The best movies of 2022, from ‘Avatar’ to ‘Everything, Everything’

The movie industry is undergoing a transformation, fueled by declining box-office revenues as more people prefer to watch movies at home. That also calls for a slightly different look back at the movies released in 2022, from the most disappointing to, in this case, the most satisfying.

The majority of the time, this is the case.

“Apollo 10 12: A Space Age Childhood”: Richard Linklater’s rotoscope-animated look back at his childhood growing up in the shadow of NASA is the kind of breezy nostalgic exercise that really captures what life was like back then, when TVs were small and everyone carried a phone everywhere.

13 years later, “Avatar: The Way of Water” returned to Pandora.

“Avatar: The Way of Water” on IMDB: Overcoming skepticism about a 13-year-later encore with a wave of dazzling spectacle, James Cameron transforms a fairly simple story into an epic, state-of-the-art demonstration of movie magic that practically demands you get off the couch, put down the remote, and drive to a theater to see it on the biggest screen you can.

Everything Everywhere All at Once“: Not everything about this foray into alternate universes and paths not taken worked, but this action-comedy-sci-fi mashup was one of the year’s most inventive efforts, happily striking a chord with audiences while showcasing the remarkable Michelle Yeoh and the uplifting comeback of one-time Indiana Jones kid Ke Huy Quan.

In Steven Spielberg’s “The Fabelmans,” Gabriel LaBelle plays Sammy Fabelman.
In Steven Spielberg’s “The Fabelmans,” Gabriel LaBelle plays Sammy Fabelman.
Amblin Entertainment and Merie Weismiller Wallace/Universal Pictures
The story of “The Fabelmans”: Steven Spielberg’s deeply personal look at how his childhood experiences shaped him into the filmmaker he became is obviously nostalgic, but it also serves as a welcome ode to the power of film. Despite its disjointed format, the film works as a superhero origin story for a director whose half-century of filmmaking has left so many memorable moments in our memories.

“Glass Onion: A Knives Out Mystery”: Writer-director Rian Johnson has reloaded while retaining the whimsy, wit, and fun of his original whodunit, with Daniel Craig serving as the lone holdover in a film that should have spent more time in theaters before landing on Netflix.

“Good Luck, Leo Grande” stars Emma Thompson and Daryl McCormack.
Sundance Institute provided the footage.
“Best wishes, Leo Grande”: This two-hander for Emma Thompson as a widow who retains a sex worker (Daryl McCormack) and peppers him with questions about his life and work, which was sent directly to Hulu, was sweet, funny, and generally delightful, a little gem in a year with a lot of rhinestones. (As a side note, Thompson is also fantastic in “Roald Dahl’s Matilda the Musical.”)

“RRR”: Like “Avatar,” don’t be put off by the three-hour-plus running time (you’ll probably watch it on Netflix anyway). This Indian historical fantasy has it all: a lot of energy, wild action sequences, and exhausting dance numbers. A film that draws upon any number of genres, from superhero to western, and still manages to feel fresh and invigorating.

“Till” stars Jalyn Hall as Emmett Till and Danielle Deadwyler as Mamie Till Mobley.
“Till” stars Jalyn Hall as Emmett Till and Danielle Deadwyler as Mamie Till Mobley.
Photographer: Lynsey Weatherspoon/Orion Pictures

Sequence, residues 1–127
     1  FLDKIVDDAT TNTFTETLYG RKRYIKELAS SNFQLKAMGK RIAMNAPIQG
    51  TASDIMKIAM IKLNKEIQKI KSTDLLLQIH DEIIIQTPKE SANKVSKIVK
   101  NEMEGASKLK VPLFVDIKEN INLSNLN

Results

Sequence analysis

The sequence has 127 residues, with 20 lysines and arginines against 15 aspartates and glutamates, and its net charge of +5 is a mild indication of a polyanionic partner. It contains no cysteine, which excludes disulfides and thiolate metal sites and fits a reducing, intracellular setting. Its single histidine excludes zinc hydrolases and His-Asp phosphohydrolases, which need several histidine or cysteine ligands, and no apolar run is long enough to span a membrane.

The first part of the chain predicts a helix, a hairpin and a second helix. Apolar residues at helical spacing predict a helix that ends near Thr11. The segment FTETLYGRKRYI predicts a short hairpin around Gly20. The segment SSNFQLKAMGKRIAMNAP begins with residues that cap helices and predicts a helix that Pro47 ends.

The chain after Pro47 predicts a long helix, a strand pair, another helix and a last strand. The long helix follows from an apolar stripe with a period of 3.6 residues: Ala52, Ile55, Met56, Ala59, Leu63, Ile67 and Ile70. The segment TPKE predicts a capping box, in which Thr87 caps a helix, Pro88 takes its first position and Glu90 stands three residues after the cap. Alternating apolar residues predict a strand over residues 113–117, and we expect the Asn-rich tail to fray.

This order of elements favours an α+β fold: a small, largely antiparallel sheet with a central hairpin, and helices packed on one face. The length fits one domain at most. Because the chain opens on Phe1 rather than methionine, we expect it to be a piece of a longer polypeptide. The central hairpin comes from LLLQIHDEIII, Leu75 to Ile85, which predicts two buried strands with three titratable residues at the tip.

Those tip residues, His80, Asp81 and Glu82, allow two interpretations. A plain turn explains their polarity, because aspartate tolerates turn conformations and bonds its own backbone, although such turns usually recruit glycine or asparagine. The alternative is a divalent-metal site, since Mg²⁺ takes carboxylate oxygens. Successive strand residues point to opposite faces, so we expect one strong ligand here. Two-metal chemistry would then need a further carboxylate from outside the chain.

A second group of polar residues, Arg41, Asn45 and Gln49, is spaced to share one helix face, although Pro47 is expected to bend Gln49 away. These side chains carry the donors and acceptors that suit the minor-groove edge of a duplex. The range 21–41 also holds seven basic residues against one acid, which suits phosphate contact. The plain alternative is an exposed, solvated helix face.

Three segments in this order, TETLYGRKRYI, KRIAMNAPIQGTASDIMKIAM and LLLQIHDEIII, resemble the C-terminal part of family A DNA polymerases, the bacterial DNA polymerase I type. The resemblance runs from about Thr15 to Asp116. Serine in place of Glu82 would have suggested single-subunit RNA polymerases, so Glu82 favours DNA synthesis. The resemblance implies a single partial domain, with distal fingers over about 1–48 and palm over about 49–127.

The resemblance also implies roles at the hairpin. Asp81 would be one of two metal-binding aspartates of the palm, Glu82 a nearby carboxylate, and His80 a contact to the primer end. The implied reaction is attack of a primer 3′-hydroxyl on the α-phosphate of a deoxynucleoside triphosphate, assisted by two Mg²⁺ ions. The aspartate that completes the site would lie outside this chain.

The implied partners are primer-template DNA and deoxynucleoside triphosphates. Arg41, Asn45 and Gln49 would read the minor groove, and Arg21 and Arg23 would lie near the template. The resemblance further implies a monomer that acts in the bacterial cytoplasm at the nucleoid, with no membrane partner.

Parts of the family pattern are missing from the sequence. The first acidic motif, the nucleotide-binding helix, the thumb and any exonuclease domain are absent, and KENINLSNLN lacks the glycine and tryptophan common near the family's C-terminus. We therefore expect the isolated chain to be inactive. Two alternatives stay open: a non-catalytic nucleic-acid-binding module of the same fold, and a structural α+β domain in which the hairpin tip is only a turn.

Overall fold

“Till”: Danielle Deadwyler’s heartbreaking performance as Mamie Till Mobley, grappling with the murder of her son Emmett in Mississippi in 1955, elevated and renewed attention to this tragic story in a film that sensitively addresses the murder in order to focus on how it gave a civil-rights activist her voice.

“Top Gun: Maverick”: Despite arriving 36 years after the original (apparently, time flies), this sequel waited through the pandemic to share the experience with moviegoers and rewarded them with a stirring flight that gave Tom Cruise a perfectly tuned encore while flying what amounts to a rescue mission for movie theaters. After that, it would be nice to leave well enough alone, but nothing that makes that much money can stay grounded for long.

The young protagonist in Pixar’s “Turning Red” transforms into a giant red panda.
The young protagonist in Pixar’s “Turning Red” transforms into a giant red panda.
“Turning Red” from Disney/Pixar: Pixar hasn’t been treated well by its parent company in the Disney+ era, which explains why this wonderfully warm and very funny coming-of-age story – a genre so overworked that it’s really difficult to do this well – was funneled directly to streaming. The film works on multiple levels, but transforming into a giant panda is a wonderful metaphor for the humiliations and confusion of puberty.

That approach also reflects a year in which many of the traditional awards-bait films were flawed in some way, and some of the highest-profile commercial fare (see “The Batman” and Marvel’s Thor, Black Panther, and Doctor Strange sequels) failed to live up to expectations to varying degrees.

In a movie industry built on franchises and relying on familiar properties, the challenge of pulling off those extensions well is both critical to the industry’s financial health and, creatively speaking, deserves applause when done right.

There were numerous releases this year from acclaimed directors, including Darren Aronofsky, Noah Baumbach, Damien Chazelle, Antoine Fuqua, Martin McDonagh, Sam Mendes, and David O. Russell, that were seen, considered, and didn’t make the cut. With a few exceptions, if there was a bias this year, it was toward films that entertained everyone.

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